In the spring of 2005, Rick Wagoner faced another in a long line of crises. After a couple of years of relative success, the General Motors chairman saw his company's revenue drop dramatically on the way to a massive second-quarter loss.
Wagoner hatched an idea. GM engineers were working on GMT900, a new generation of its popular pickups and big SUVs scheduled for the next year. If those new trucks arrived several weeks earlier, maybe GM could start catching up on revenue.
Wagoner didn't issue orders. He posed questions.
"On the full-sized pickup pull-ahead, Rick asked the question, 'Could we?' '' recalls Vice Chairman Bob Lutz, the boss of GM's product development. "We decided that, with diversion of engineering effort from other programs, it could be done, and we did it. It was his initiative. But no 'orders' were ever issued."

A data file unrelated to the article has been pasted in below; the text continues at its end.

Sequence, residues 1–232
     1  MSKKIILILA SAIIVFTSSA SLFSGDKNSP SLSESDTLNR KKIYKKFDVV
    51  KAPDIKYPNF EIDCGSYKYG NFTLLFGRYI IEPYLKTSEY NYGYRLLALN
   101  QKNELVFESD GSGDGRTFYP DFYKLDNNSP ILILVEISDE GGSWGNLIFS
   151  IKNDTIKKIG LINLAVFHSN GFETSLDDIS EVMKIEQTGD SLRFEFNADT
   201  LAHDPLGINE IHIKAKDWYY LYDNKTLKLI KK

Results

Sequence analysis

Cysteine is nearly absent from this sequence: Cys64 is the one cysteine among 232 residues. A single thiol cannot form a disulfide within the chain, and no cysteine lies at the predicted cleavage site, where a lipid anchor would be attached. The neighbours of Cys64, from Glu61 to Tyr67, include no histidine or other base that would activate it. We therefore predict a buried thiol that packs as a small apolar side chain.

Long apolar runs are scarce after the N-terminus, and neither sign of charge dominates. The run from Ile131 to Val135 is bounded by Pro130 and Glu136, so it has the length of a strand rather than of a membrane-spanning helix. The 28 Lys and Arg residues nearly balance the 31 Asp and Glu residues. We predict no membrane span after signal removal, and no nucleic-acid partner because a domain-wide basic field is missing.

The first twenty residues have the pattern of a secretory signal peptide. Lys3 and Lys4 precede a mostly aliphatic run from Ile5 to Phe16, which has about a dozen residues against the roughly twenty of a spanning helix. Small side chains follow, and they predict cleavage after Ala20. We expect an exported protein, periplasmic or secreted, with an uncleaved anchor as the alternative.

That's how Rick Wagoner, the man leading General Motors into its second century, gets things done. He rarely issues orders. From his 39th-floor office at GM headquarters overlooking the Detroit River, the 55-year-old chief executive raises issues, asks questions and seeks solutions to challenge after challenge to GM's survival.
"Rick tends to have a firm agenda, which he furthers by suggestion, suasion and insightful questions," says Lutz. "Rarely does he take command and tell his subordinates what to do."
Wagoner gets to the result he wants through insisting on facts and sense.
"It's called patience, coupled with a single-minded sense of purpose and direction," says Lutz. "I would describe Rick's style as 'deceptively gentle.' Direction is framed as doubts and questions and is frequently delivered with a great deal of humor."